5 Ideas for University Fundraising Campaigns at Year-End

October 10, 2017 Mike Snusz

In 2016, higher education institutions saw 17.7% of total giving occur in December. Higher education performed in line with the average across the public sector, however, it’s slightly behind Human Services, Healthcare and Environment/Animal Welfare organizations, which means there’s room to grow!

5 Ideas for University Fundraising Campaigns at Year-End

To ensure that higher education institutions are maximizing their end-of-year giving opportunity, we’ve put together a quick list of ways you can bolster giving through the end of 2017.  Even if you’re well underway with your end-of-year giving plans, check out these important reminders—many of which you still have time to implement—and “go big” with end-of-year success!

1. Get your website end-of-year ready:

Only 1 in 131 website visitors become a donor–yikes! Since 21.8% of online giving happens in December, it’s more important than ever to have a homepage that is maximized to drive end-of-year giving.  Not having the message front and center and elevated on your website will cost you donors.

  1. One way to bring end-of-year giving front and center is by doing a lightbox or pop up. Your initial thought is probably, “oh no—those annoying things?” but the research tells us that this popups can double conversion rates for email signups. Plus, they don’t cause people to leave your website anymore. So, moral of the story is: don’t rely on the donation button alone—popups bring the message even more in focus.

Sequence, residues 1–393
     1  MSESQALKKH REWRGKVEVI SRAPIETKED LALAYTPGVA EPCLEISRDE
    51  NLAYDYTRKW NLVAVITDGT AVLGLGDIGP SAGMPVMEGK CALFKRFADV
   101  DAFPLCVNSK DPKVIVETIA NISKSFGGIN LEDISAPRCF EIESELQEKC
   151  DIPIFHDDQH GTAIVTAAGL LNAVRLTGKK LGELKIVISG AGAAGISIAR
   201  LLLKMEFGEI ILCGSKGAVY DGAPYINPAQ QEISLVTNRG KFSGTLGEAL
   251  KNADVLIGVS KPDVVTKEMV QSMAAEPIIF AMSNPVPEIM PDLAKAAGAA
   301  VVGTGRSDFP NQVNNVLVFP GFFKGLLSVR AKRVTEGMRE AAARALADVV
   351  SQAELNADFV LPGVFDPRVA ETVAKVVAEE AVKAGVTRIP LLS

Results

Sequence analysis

2. A second way to drive awareness on your homepage is a homepage slideshow or marquee area where you place three or four different images showcasing an end-of-year message. Ensure that you’re highlighting why someone should give and the powerful impact their donation will have on students and the institution.

2. Ensure that your end-of-year emails stand out:

If you remember one thing, remember this: Don’t beat around the bush. Short words. Short sentences. Short paragraphs. Easy reading level. During November and December, the email inbox is a crowded place. Between holiday party invites, a crazy promotion at a favorite store or pictures from a family gathering, it’s going to be difficult to stand out.

Here’s what you can do to help your end-of-year email stand out:

  1. Analyze your top performing emails–what were your best performing e-mails of 2017, which were your poorest performing emails?  You probably have a general idea of what performs well and what doesn’t, but spending some time really digging in and finding out why one email had a 10x higher response rate than another will ensure you’re putting your best foot forward.  Look at the images, the send time, the content of the email,who the email was from, and your subject line.
  2. Design your emails for mobile. To stand out in the inbox of your alumni and constituents, you need to take advantage of the two lines of text below the subject line–sometimes called the pre-header. Very few emails take advantage of this text. The pre-header should complement your subject line or extend your subject line–it can help set the stage of what the e-mail is about and help with click throughs.